"He who possesses is himself possessed." Nietzsche

"All that is not given is lost." A Hindu Saying
When dreams turn to dust blown away in the desert wind
A morality story of distrust, savagery, and survival in the Mexican desert

Three men roaming the world at loose ends hook up in Tampico, Mexico and band together to prospect for gold. We have the hard-luck, embittered wanderer, Fred Dobbs, "Dobsy," the grizzled, veteran prospector, Howard, and the youngest of the trio, the decent, callow Bob Curtin.

Joining forces, they share a commonality of purpose: they all lust to find that one big strike that will give them the riches to set them up for life. Humphrey Bogart, Walter Huston and Tim Holt play these three itinerants, making for a powerful ensemble of talent whose performances bring a timeless relevance to this story of human greed, and redemption. With these elements the film could have easily been just another preachy sermon with cardboard characters representing good and evil. But here… not so. The acting is superb, the script is intelligent and vivid. John Huston's direction shows that he understood the motivational complexities at play in these three men; he knew what these men were about and was able to transfer that admirably to the movie screen.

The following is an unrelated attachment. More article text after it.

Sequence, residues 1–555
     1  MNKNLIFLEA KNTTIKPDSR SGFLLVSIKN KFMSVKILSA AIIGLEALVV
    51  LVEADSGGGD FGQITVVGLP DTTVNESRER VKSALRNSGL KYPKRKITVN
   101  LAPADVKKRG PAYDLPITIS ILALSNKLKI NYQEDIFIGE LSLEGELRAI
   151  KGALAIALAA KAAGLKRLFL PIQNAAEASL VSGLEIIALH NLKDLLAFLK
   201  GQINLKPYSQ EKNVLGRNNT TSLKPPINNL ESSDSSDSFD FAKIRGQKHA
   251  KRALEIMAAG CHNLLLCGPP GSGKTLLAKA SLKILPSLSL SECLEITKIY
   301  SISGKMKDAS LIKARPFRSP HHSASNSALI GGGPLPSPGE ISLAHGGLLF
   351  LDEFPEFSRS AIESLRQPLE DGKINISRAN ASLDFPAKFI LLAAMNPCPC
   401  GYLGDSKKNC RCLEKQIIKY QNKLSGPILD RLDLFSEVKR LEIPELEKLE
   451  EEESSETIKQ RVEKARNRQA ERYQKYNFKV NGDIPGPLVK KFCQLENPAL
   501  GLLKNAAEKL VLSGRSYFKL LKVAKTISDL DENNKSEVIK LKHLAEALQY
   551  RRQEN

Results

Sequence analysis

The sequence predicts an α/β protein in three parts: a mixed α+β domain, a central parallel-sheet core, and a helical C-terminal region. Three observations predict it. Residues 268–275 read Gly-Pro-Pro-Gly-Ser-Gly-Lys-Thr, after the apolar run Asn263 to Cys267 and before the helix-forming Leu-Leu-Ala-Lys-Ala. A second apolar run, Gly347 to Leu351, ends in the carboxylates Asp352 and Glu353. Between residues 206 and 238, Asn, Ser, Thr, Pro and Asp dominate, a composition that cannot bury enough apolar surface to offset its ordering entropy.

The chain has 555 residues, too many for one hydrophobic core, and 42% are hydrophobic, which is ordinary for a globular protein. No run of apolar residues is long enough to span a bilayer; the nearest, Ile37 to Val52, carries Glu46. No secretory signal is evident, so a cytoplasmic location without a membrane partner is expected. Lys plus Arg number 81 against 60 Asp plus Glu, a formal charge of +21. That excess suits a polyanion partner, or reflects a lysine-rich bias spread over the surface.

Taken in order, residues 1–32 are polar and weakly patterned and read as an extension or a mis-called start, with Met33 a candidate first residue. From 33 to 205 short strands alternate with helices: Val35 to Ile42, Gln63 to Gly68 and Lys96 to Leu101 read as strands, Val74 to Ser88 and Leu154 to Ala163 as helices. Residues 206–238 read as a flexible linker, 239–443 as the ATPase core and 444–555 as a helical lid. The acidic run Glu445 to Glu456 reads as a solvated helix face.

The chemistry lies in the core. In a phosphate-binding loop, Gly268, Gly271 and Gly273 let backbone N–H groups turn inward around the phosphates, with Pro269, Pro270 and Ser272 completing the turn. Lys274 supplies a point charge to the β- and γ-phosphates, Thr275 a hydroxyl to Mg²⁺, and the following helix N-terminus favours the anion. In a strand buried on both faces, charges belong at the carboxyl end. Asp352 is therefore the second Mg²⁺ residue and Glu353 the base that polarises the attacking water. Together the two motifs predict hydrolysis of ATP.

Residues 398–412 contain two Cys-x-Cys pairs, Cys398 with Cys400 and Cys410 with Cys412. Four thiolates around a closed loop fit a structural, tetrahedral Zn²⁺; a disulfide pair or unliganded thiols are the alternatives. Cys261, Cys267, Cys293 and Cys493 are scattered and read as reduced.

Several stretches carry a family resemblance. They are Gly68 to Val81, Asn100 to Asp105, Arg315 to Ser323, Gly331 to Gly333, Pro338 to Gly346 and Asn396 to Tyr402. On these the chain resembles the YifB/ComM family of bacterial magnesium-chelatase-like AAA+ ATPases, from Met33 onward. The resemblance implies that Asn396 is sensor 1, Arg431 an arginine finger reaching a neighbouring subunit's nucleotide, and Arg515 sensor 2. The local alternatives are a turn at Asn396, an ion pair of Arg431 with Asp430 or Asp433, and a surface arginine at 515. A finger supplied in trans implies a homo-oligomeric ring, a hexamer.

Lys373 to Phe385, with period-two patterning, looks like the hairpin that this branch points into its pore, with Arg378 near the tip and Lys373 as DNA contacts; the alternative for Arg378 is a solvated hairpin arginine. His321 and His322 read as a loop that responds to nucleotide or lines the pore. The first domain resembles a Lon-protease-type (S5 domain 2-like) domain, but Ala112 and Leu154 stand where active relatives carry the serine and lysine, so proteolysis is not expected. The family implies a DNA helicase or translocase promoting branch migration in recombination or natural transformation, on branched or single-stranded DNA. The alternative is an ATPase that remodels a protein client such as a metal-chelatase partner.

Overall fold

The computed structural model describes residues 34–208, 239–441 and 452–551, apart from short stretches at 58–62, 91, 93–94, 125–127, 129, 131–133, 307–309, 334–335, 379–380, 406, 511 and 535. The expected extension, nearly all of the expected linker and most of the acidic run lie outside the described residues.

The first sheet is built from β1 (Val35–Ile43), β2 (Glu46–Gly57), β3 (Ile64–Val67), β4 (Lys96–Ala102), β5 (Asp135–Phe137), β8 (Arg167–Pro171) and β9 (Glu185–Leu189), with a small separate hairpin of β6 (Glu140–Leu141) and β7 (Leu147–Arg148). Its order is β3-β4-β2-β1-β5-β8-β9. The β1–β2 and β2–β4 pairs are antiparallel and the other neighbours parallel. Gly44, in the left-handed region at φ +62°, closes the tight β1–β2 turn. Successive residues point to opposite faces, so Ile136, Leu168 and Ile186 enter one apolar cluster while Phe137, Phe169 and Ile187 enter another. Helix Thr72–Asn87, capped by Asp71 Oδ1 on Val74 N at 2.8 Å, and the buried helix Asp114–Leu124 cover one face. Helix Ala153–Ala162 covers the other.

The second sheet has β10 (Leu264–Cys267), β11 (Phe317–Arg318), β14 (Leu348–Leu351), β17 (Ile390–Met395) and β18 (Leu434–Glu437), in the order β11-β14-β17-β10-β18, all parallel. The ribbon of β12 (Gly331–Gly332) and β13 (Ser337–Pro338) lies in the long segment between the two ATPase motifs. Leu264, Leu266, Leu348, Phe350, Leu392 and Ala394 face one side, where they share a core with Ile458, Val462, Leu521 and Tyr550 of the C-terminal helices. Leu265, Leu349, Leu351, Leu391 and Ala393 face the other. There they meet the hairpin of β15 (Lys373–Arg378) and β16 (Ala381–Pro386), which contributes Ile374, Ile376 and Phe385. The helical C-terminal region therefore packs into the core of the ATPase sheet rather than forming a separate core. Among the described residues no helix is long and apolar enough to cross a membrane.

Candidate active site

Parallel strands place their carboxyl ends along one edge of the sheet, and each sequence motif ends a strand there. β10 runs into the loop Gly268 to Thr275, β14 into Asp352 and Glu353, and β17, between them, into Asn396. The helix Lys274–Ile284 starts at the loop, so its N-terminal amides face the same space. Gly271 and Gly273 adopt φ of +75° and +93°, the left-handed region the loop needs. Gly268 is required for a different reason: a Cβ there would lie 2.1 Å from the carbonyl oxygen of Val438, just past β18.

Humphrey Bogart's "Dobsy," a man embittered by life, is fully invested, body and soul in this search for gold. His commitment is fierce, total and uncompromising. The desert trek for the big gold strike is his last chance to grab the prize of the brass ring after enduring a lifetime of long, dead end, bumpy rides.

Howard, as masterfully portrayed by Walter Huston, is the wise old man seasoned by hardscrabble experience. No illusions for this old-timer; he serves as the voice of reason and moral principles. He's the pillar of strength straddling the middle ground, constantly policing clashes between his two cohorts. When Dobbs and Curtin clash he's the mediating force working to diffuse tension and stave off violent argument.

Tim Holt plays the guy who has the physical and emotional advantages of youth on his side. Not yet beaten down by life into a fatalistic pessimism, he has an inner decency, and expectations; to him life is still a vista of possibilities.

The threat of Mexican bandits lurks among the three prospectors as a constant threat. The banditos offer a hovering menace as well as a device for black humor. Actor Alfonso Bedoya, the head bad guy, utters a few lines of dialogue that still resonate today. When challenged he voices a self-proclaimed authority that needs no official validation. He doesn't "need no stinking badges!"

A story of desperation, greed, and of how fate… that unpredictable determinator inserts itself into events to throw a wrench in the works, turning the best laid plans of men into just dust blowing in the desert wind.